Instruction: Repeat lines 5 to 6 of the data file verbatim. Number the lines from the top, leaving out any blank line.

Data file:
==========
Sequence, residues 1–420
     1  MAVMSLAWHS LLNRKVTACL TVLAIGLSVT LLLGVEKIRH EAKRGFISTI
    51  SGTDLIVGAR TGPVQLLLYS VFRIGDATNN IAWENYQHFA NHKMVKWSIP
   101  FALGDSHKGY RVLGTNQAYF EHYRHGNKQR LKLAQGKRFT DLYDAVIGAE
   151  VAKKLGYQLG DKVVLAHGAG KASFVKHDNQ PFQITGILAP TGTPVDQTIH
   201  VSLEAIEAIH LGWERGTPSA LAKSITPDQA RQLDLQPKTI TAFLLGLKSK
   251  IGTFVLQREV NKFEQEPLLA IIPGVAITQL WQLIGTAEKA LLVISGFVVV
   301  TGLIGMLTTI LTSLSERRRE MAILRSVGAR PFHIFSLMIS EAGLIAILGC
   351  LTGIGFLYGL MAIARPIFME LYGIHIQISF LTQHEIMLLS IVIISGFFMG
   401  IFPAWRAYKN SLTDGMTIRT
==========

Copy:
   151  VAKKLGYQLG DKVVLAHGAG KASFVKHDNQ PFQITGILAP TGTPVDQTIH
   201  VSLEAIEAIH LGWERGTPSA LAKSITPDQA RQLDLQPKTI TAFLLGLKSK